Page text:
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Tuesday 14 April 2009

The end of investigative journalism?

Every call made, email sent and website visited is now being logged under new regulations and automatic numberplate recognition (ANPR) tracks the movement of vehicles.

Investigative journalist Duncan Campbell thinks that the ‘truly dangerous’ moment will come when the police and security services are able to monitor journies in real time.

Read more at The Guardian


Filed under: Politics,The media — GS @ 11:54 am
Saturday 7 March 2009

War comes home to Britain

In his latest column for the New Statesman, John Pilger describes the basic freedoms being lost in Britain as the ‘national security state’, imported from the United States by New Labour, takes effect.


Filed under: Politics — GS @ 6:02 am
Friday 6 February 2009

CCTV is threat to freedom says House of Lords / Jail for photographing police?

CCTV camera in Manchester city centre

‘The steady expansion of the “surveillance society” risks undermining fundamental freedoms including the right to privacy,’ according to a House of Lords report published today.

Read more at The Guardian

Meanwhile the British Journal of Photography reports that a new law, due to be introduced this month, ‘is expected to increase the anti-terrorism powers used today by police officers to stop photographers, including press photographers, from taking pictures in public places.’


Filed under: Politics — GS @ 3:04 am
Saturday 5 April 2008

MP fights for photographers’ rights

Labour Member of Parliament Austin Mitchell, a photographer himself, has tabled an early day motion supporting the rights of people who take pictures in public places.

(more…)


Filed under: Photography,Politics — GS @ 6:50 am
Thursday 26 April 2007

The scaremongering over terror threats is growing…

…says person who read Home Secretary John Reid’s latest attempt.

(more…)


Filed under: Politics — GS @ 3:06 am
Thursday 29 June 2006

Tony Blair’s assault on civil liberties

The Independent newspaper has an article (reprinted from Vanity Fair) about the way Tony Blair has eroded civil liberties and freedom in Britain and the scary way in which many people seem compliant and almost resigned to their fate.

Certainly there’s a lack of interest in politics these days. Partly because politicians and the media have managed to make the subject so boring. Sometimes it seems like one group of public schoolboys (the journalists) having a matey jousting match with another group of public schoolboys (the politicians).

Television — the most powerful medium we have, and the one from which most people get their information, has been dumbed down. The awkward programmes — World In Action, This Week, Panorama — have gone or been emasculated. Scare stories about paedophiles, terror threats and health risks are used to distract the public from what the Government is doing in the background.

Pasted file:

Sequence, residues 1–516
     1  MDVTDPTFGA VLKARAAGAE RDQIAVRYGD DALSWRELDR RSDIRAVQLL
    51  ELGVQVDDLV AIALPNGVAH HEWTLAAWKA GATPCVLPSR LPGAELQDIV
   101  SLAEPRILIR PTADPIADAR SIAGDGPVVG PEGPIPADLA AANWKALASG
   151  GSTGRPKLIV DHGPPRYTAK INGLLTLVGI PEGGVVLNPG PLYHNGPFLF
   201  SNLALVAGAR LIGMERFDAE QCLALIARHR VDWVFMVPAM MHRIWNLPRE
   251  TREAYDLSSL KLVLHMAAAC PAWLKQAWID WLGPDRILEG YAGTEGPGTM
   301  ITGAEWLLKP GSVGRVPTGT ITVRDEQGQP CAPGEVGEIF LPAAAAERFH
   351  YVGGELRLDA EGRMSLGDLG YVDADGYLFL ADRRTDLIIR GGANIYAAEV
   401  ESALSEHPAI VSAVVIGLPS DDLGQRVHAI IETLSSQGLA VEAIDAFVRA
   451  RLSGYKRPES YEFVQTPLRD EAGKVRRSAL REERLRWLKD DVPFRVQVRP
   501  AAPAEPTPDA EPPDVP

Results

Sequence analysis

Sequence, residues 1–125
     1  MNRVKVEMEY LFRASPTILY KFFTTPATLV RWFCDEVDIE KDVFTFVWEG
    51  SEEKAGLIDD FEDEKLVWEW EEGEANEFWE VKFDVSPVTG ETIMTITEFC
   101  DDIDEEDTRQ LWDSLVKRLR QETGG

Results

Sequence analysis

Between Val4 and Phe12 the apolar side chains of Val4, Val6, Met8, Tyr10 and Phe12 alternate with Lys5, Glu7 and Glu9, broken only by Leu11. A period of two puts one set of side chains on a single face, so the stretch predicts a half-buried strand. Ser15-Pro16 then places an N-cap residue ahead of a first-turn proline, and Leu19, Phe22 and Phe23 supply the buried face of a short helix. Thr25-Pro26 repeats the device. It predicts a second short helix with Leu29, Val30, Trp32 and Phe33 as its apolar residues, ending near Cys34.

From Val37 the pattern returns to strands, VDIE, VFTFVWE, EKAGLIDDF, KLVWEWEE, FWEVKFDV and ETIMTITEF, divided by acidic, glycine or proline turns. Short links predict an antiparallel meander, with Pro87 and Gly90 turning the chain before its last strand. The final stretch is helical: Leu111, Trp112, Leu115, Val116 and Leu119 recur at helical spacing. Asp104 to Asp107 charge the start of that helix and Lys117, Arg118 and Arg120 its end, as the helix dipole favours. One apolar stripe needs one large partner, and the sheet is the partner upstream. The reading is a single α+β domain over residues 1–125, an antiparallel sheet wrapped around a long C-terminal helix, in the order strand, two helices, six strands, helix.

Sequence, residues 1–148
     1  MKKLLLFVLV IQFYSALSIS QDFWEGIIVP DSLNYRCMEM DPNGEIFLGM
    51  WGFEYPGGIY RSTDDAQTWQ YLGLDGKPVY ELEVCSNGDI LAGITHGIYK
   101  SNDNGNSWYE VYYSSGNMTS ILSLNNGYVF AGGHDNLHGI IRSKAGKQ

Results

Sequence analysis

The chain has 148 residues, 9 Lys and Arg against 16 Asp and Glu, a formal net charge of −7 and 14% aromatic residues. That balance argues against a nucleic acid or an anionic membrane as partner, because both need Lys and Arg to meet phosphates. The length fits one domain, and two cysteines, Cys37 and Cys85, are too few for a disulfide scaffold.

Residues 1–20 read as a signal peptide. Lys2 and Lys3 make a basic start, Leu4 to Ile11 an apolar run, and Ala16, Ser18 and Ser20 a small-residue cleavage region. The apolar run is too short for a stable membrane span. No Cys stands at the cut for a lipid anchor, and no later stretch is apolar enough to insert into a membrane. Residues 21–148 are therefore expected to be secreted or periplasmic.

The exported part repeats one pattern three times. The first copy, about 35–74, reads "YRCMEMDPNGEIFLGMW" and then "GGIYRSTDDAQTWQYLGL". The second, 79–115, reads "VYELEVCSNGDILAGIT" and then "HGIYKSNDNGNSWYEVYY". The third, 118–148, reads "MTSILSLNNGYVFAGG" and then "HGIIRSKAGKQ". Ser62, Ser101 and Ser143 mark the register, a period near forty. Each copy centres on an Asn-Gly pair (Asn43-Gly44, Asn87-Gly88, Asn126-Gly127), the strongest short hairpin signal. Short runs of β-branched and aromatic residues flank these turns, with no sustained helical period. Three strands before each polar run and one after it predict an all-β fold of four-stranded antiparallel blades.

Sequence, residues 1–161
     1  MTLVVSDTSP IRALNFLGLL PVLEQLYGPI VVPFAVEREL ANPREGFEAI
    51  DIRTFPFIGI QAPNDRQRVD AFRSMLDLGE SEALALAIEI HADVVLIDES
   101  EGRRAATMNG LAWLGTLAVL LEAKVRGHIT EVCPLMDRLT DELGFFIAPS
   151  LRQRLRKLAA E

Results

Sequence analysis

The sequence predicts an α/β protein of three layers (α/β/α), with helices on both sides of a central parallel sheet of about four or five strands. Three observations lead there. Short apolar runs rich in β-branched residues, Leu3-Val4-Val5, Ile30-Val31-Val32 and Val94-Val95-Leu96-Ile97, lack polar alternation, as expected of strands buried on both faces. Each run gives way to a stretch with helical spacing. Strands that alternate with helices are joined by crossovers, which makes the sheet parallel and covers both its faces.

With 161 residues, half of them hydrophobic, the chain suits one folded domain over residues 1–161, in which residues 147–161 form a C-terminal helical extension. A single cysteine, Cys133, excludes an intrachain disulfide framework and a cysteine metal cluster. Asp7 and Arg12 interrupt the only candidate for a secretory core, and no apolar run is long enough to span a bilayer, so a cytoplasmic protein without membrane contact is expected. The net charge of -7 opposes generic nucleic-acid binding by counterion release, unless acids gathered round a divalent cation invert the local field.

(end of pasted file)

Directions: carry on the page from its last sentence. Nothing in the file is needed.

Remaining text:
Tony Blair has created a society where British people work such long hours that many have neither the time nor appetite for serious subjects in the few hours they have to themselves. They seek escapism.

On the subject of ID cards, Neil Tennant of the PetShopBoys is quoted in the article as saying: ‘my specific fear is that we are going to create a society where a policeman stops me on the way to Waitrose’.

Already I see that attitude developing amongst the police. Most recently I noticed it when we went to the Manchester Passion event on Good Friday. We asked a policeman for directions to the street from where the parade was starting off and I happened to mention that I was there to shoot some video. He replied that he had ‘no objection’ to me filming.

I wasn’t asking for his permission to film. This was on a public street at an event that was intended for the public. But, apparently, he felt it was in his power to say ‘yes’ or ‘no’ to me using my camcorder.

Shooting pictures at the Carribean Carnival last year, I was asked by one policeman where I was from.

Instead of assuming that most people are at an event for perfectly innocent reasons, now there always seems to be a suspicion that you are up to something.

I’ve been out on the streets shooting photographs and video for twenty-five years and this is something that never used to happen. It makes me feel uncomfortable. I can see the day coming when they will expect to review your videotape or look at the photos on your memory card.

Quality of life for ordinary law-abiding people is being eroded because there is a one-in-a-million chance that the Police may catch someone who is up to no good.

This is sneaking up on us. We are being ‘groomed’ ready for a society where we will be tracked and logged twenty-four hours a day and any variation from the home-to-work-to-supermarket-to-home routine will prompt questions and a request to prove who we are, what we are doing and why.

Like Neil Tennant I’ll consider leaving Britain if ID cards are introduced.

PS. I can’t believe I’m quoting one of the Pet Shop Boys. How gay is that? ;-)


Filed under: Politics — GS @ 3:46 am
 
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